Let us now accompany the honeybee to the flower and see what happens. The worker bees suck out the nectar from the flower and store it in a special place in their stomach (called the honey-bag) and transfer it to the hive. Some of the honey is also used to fuel and energize her. Once the nectar sacs are full, she returns to the hive and delivers the pollen and nectar to the processor bees. The nectar is transferred mouth-to-mouth among the indoor bees. This process of transferring the nectar reduces its moisture content by almost 50%. The nectar is thus converted into the honey. Many times, nectar is stored directly into the honeycombs when the temperature inside the hive is greater than 32.5-degrees C, most of the water gets evaporated.
The honey is processed and capped inside the cells sealed with beeswax and ready for consumption. The pollen grains are a great source of protein and are mixed with beeswax to make bee bread, which is consumed by the larvae. After the worker bees have delivered one batch of nectar, they clean themselves up and go outside again to collect even more food. Bees work throughout their lives, tirelessly collecting pollen, delivering nectar, bringing it to the hive, cleaning up and venturing out again.
In the process of collecting the nectar, the bees also transfer pollen grains from one flower to another aiding in pollination. The nectar is basically sucrose mixed with water and has to be processed with certain enzymes before it is concentrated into honey. The enzyme, invertase, converts the sucrose into two six-carbon sugars, fructose, and glucose. Some of the glucose is oxidized and further breaks down into gluconic acid and hydrogen peroxide. This gluconic acid makes the honey slightly acidic and hence an inhospitable medium for bacteria, fungi, and other microorganisms to thrive. The excessive moisture is removed from the nectar due to the high osmotic pressure applied by the bees during the mouth-to-mouth transfer.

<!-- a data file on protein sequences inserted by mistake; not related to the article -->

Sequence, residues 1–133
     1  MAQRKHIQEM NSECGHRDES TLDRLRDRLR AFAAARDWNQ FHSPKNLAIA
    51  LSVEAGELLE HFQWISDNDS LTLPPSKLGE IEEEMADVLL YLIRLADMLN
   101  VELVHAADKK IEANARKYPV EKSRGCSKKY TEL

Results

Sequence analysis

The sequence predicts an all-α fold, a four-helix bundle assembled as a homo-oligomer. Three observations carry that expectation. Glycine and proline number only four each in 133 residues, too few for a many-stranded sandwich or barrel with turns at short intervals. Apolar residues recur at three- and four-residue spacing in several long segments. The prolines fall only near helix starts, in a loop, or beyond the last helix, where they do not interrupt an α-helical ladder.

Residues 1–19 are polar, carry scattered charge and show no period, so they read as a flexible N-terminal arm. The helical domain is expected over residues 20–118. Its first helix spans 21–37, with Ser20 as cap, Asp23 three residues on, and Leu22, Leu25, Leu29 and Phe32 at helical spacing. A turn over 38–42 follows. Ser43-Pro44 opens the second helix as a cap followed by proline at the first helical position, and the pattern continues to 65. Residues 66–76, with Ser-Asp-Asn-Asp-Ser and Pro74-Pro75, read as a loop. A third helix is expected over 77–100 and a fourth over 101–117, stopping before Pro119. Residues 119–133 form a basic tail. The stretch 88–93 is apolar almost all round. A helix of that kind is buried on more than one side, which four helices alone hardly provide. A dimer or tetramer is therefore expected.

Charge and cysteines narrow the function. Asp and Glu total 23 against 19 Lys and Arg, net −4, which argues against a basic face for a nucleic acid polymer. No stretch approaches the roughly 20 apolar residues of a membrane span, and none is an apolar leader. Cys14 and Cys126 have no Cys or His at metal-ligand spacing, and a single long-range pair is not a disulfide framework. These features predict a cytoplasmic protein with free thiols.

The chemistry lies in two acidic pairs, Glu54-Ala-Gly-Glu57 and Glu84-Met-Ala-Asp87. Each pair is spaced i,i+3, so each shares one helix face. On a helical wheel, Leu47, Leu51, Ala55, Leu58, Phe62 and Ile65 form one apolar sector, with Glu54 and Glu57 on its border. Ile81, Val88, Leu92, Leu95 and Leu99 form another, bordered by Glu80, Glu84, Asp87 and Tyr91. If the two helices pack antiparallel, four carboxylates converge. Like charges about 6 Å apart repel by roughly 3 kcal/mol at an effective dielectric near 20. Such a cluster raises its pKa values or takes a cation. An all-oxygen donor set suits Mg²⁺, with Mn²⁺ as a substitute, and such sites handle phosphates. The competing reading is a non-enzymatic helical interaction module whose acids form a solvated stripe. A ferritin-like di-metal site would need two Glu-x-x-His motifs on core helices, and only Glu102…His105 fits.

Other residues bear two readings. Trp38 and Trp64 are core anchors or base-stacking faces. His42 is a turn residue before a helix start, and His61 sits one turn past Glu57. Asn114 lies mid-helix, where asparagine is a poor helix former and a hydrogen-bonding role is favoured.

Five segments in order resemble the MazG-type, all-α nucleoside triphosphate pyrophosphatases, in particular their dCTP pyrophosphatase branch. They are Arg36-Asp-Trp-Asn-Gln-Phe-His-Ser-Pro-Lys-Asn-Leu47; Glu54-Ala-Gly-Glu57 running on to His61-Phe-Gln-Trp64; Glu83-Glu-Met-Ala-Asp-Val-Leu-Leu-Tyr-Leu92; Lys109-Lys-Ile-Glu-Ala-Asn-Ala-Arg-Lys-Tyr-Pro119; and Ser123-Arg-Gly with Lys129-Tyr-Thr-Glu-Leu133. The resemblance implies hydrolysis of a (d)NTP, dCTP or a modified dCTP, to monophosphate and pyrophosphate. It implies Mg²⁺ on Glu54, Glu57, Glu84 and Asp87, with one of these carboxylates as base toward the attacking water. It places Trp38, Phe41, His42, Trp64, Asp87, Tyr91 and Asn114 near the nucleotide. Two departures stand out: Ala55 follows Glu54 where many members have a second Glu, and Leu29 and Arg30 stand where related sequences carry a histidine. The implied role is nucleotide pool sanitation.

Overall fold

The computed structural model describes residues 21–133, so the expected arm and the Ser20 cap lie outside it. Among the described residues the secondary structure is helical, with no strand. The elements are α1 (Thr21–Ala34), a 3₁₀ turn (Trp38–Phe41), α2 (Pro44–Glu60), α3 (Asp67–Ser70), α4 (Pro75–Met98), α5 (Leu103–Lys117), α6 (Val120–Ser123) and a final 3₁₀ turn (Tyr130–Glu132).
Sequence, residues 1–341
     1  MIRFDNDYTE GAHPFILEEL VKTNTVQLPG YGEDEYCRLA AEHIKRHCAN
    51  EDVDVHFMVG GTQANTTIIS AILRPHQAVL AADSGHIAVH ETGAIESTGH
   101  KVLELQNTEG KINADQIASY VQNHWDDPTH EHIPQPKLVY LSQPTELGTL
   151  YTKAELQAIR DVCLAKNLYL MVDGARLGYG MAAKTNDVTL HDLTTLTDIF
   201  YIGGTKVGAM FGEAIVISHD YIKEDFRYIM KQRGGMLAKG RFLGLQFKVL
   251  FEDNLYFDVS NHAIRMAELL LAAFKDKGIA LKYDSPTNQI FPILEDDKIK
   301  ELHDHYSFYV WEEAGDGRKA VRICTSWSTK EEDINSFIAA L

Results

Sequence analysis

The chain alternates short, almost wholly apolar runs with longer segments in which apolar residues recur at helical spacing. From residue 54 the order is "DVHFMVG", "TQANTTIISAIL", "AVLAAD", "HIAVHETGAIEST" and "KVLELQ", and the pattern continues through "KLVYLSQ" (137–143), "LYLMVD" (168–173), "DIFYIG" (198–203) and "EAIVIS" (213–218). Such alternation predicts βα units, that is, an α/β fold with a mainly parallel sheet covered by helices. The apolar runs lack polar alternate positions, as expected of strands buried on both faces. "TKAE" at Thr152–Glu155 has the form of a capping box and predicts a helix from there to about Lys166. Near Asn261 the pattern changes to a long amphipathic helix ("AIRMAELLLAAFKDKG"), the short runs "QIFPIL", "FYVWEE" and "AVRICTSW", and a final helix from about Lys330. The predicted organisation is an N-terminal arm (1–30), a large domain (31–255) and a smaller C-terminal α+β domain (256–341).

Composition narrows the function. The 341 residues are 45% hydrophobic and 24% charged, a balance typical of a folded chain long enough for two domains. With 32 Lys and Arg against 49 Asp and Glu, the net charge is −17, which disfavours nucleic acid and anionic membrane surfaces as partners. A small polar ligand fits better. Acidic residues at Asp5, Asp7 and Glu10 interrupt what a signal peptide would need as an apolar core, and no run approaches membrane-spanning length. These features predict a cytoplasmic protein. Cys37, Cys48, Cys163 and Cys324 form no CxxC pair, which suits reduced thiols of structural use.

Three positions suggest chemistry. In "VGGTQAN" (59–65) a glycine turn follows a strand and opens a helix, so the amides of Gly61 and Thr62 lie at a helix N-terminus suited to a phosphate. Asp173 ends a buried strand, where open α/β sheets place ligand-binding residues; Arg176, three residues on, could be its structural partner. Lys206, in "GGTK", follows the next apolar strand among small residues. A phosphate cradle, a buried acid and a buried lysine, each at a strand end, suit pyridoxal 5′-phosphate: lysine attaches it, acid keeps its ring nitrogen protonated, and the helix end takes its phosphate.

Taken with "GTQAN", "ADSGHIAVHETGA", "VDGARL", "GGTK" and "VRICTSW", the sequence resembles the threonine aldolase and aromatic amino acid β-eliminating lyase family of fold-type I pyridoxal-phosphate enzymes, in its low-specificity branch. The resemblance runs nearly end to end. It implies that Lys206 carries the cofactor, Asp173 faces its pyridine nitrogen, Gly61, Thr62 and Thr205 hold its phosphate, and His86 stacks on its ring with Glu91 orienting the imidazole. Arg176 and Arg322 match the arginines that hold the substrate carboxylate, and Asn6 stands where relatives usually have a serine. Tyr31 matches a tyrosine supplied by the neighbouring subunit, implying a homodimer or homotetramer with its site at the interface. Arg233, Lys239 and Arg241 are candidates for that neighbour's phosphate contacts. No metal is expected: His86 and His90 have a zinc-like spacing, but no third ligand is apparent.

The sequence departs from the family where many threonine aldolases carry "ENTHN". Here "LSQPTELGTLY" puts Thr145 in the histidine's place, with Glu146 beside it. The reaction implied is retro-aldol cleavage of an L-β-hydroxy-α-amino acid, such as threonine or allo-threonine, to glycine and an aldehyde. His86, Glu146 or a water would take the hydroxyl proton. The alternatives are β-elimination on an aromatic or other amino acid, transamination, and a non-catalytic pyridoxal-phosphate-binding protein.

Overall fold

How much honey does one bee make?
Honey bees convert the sweet nectar they collect from flowers into honey and store it in their honeycomb homes for the colder months. Storing the nectar for a long period of time somewhat dries it up. The water content is reduced as the nectar starts to solidify. The concentrated mixture is well-protected against any bacterial and fungal infestation, hence can be stored for quite some time. An average bee makes a very minimal amount of honey in a day; however, every contribution to the honeycomb is precious and stored very diligently.
The life cycle of a honeybee is very short-lived. Most worker bees only live around for six weeks or so in the summer months when they can go around and collect the nectar of flowers. Moreover, they can venture outside and look for food only when the air temperature is above 10-degrees C; anything less than that and they die. An average bee, hence, manages to produce only a teaspoon of honey in their entire lifetime. The honey’s taste, color, aroma, and consistency vary greatly depending on the type of flower the worker bees frequently gather nectar from.
Do all bees make honey or just honey bees?
Contrary to popular belief, not all bees out there make honey. Only some species, including honeybees, make honey. When you think of a bee an image of a round yellow and black-stripped body, honey and honeycombs come to mind. However, there are over 20,000 species of bees that come in a variety of colors and shapes. Some of them produce honey, most don’t. Moreover, the honey as we know it is only produced by the honeybee. Other bees have their own version of honey (food) that is not really edible for humans.